Disciples: Liberation – Review

Our Score: 8/10

Disciples: Liberation by Frima Studio is a dark fantasy RPG with strategy elements and turn-based combat. Fantasy is a genre that I enjoy because there’s so much room for creativity and storytelling. And when I hear Dark Fantasy, I’m even more interested. It’s not easy to pull off a dark story in a fantasy world because it’s like a balancing act. How dark is too dark? How do you make it feel believable without it being outlandish?

With a heavy focus on narrative and decision-making Disciples: Liberation is quite an interesting RPG. Morality is also an integral part of the game’s narrative and story. The way it handles morality surprised me and made me more invested in the world. Often, I find it somewhat boring or straight-up immersion breaking when games have black and white or clear-cut good and bad choices. I want that inner conflict, I want to make hard decisions and this game feeds that need.

What is Disciples: Liberation?

You play as Avyanna, an assassin whose simple assassination goes wrong. She somehow finds herself in the abandoned city of Ylliana which seems to be hidden from the rest of the world. With her best friend Orion, she makes Ylliana her new home and sets up a base of operations there. She feels the threads of fate pulling at her and sets out to leave her mark in the world of Nevendaar.

Disciples Liberation Character Screen

Nevendaar is a war-torn realm that is filled to the brim with secrets and tons of stories to be told. With so many factions all vying for their own profit, your choices through the game will effect your standing with them and the fate of Nevendaar.

The Gameplay Loop

As this is an RPG, there are lots of conversations and exploration. You’ll travel the outdoors on horseback because there’s a lot to cover. But when you get into a skirmish, prepare yourself for turn-based combat. The combat system in Disciples: Liberation is an interesting one. Crystals dictate what your unit and team members can do, and how many times per turn. Blue is for movement, red is for attacks and most units have one of each. Some units have yellow which means they have the choice to move or attack. And on top of that, units also have cooldown-based special abilities.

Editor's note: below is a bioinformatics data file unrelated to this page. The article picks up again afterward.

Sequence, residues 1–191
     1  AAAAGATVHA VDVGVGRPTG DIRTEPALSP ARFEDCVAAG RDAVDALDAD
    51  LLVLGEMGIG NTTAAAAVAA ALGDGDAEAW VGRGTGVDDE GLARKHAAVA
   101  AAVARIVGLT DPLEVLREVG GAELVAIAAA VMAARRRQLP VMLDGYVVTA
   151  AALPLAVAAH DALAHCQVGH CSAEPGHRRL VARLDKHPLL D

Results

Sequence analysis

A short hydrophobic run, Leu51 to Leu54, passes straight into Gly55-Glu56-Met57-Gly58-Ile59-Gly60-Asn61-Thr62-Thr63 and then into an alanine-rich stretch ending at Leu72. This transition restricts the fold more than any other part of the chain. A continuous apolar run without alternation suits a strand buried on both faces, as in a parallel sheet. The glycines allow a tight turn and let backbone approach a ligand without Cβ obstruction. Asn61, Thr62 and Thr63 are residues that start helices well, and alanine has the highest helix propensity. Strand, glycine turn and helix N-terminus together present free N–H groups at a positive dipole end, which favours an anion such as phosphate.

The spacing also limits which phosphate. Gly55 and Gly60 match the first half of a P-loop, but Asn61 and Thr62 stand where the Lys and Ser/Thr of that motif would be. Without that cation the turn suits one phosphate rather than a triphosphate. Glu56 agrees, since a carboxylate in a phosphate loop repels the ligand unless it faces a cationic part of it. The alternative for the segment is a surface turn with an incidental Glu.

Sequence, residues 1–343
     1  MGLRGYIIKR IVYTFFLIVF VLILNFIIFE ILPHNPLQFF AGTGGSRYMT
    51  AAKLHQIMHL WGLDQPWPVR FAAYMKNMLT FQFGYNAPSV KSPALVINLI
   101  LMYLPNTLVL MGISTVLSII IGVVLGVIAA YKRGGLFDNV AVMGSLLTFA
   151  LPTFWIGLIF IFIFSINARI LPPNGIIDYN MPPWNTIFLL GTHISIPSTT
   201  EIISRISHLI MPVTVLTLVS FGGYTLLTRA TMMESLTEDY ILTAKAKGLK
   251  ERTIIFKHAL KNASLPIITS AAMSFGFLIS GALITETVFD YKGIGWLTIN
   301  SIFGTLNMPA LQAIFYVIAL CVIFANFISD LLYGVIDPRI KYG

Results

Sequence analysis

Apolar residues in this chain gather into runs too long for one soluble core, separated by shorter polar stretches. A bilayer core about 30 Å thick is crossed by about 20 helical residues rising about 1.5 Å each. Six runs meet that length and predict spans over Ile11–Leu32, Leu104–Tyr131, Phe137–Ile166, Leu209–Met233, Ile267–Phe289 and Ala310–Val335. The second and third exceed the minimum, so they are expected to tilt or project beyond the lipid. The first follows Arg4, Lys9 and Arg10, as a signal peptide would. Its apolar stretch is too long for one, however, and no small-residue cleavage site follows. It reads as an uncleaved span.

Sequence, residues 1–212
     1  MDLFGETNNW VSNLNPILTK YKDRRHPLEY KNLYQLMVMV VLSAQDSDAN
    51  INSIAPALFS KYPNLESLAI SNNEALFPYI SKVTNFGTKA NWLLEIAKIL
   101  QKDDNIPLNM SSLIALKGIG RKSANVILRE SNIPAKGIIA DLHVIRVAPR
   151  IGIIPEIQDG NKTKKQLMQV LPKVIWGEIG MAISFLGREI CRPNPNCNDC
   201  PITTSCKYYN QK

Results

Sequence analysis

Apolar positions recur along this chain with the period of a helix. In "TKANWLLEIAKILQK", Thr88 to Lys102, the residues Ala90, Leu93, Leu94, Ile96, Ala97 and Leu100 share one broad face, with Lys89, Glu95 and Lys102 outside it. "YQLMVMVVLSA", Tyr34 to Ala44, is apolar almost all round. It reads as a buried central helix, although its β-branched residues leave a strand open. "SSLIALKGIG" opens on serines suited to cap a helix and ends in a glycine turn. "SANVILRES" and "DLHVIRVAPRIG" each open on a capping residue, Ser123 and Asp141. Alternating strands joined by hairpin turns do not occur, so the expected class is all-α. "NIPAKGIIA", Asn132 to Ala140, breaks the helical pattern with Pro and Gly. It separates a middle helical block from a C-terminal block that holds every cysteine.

A fantastic quality of life feature in the game is the option to immediately “Conquer” a nonimportant battle so you don’t spend your time fighting non-consequential battles if you don’t want to. Do keep in mind though, the story missions do have quite a difficulty spike so make sure to get a good feel of the system, have good units, and save frequently.

Other than this, the game also features a base-building element. Since the town of Ylliana is pretty much yours, you need to populate it with people and buildings so that it can stand on its own and aid you in your quest.

Look and Feel

Disciples: Liberation is an isometric RPG. Its visual style and design remind me of some of the classics of this genre. The monotonous colors of this war-torn realm are frequently broken apart with great lighting, particles, and environmental hazards. The magic in this game is gorgeous to look at. The interior structures and their lighting is also a sight to behold. The game isn’t a graphical powerhouse but it’s a good visual style that never detracts from the experience.

The game does have voice acting which can be a hit or miss. It’s not bad by any means but it’s not great either and I’d say is passable. Besides this, the sound design and music are good and do a great job of accompanying you in your journey.

Final Conclusion

Disciples: Liberation is a deep strategy RPG with a dark world that is brimming with mystery and secrets where you need to make some hard choices. Even though the game does have difficulty spikes, the plot and overall narrative were strong enough for me to not give up and keep pushing.

If you’re looking for a game where there’s no clear-cut “correct” choice and where decisions actually matter, this game is right up your alley. It’s quite engrossing and with the base building mechanic, you can spend a lot of time going back forth between that and the exploration/combat. It’s quite an impressive game and I’m excited to see more.

Disciples: Liberation releases on 21st October for The PlayStation 4, PlayStation 5, Xbox Series S\X Xbox One, and Microsoft Windows with a Free Demo available on Steam now.

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